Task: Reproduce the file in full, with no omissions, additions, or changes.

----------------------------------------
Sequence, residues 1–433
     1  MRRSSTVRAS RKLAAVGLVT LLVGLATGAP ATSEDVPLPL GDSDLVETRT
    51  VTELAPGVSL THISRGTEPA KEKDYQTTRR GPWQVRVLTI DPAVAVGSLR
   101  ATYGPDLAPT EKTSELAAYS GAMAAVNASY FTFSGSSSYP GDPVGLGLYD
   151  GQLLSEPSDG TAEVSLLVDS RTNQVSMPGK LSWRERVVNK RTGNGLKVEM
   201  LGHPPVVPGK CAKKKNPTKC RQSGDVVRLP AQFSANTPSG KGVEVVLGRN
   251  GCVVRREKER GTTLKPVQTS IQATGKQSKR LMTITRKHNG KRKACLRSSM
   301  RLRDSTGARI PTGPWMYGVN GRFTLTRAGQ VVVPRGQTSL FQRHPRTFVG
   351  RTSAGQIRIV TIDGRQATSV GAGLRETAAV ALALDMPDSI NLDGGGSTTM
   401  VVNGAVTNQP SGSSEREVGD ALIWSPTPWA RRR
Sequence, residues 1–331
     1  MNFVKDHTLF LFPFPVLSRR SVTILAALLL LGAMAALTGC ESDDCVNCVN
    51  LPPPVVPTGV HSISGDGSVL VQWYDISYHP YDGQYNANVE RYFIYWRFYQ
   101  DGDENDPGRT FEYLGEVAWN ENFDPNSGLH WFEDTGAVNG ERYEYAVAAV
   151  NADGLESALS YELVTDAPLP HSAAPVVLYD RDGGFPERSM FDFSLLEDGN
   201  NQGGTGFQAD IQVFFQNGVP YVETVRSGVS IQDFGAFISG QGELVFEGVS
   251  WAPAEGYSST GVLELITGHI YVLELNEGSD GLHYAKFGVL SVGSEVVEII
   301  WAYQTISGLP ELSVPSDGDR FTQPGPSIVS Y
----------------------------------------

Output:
Sequence, residues 1–433
     1  MRRSSTVRAS RKLAAVGLVT LLVGLATGAP ATSEDVPLPL GDSDLVETRT
    51  VTELAPGVSL THISRGTEPA KEKDYQTTRR GPWQVRVLTI DPAVAVGSLR
   101  ATYGPDLAPT EKTSELAAYS GAMAAVNASY FTFSGSSSYP GDPVGLGLYD
   151  GQLLSEPSDG TAEVSLLVDS RTNQVSMPGK LSWRERVVNK RTGNGLKVEM
   201  LGHPPVVPGK CAKKKNPTKC RQSGDVVRLP AQFSANTPSG KGVEVVLGRN
   251  GCVVRREKER GTTLKPVQTS IQATGKQSKR LMTITRKHNG KRKACLRSSM
   301  RLRDSTGARI PTGPWMYGVN GRFTLTRAGQ VVVPRGQTSL FQRHPRTFVG
   351  RTSAGQIRIV TIDGRQATSV GAGLRETAAV ALALDMPDSI NLDGGGSTTM
   401  VVNGAVTNQP SGSSEREVGD ALIWSPTPWA RRR
Sequence, residues 1–331
     1  MNFVKDHTLF LFPFPVLSRR SVTILAALLL LGAMAALTGC ESDDCVNCVN
    51  LPPPVVPTGV HSISGDGSVL VQWYDISYHP YDGQYNANVE RYFIYWRFYQ
   101  DGDENDPGRT FEYLGEVAWN ENFDPNSGLH WFEDTGAVNG ERYEYAVAAV
   151  NADGLESALS YELVTDAPLP HSAAPVVLYD RDGGFPERSM FDFSLLEDGN
   201  NQGGTGFQAD IQVFFQNGVP YVETVRSGVS IQDFGAFISG QGELVFEGVS
   251  WAPAEGYSST GVLELITGHI YVLELNEGSD GLHYAKFGVL SVGSEVVEII
   301  WAYQTISGLP ELSVPSDGDR FTQPGPSIVS Y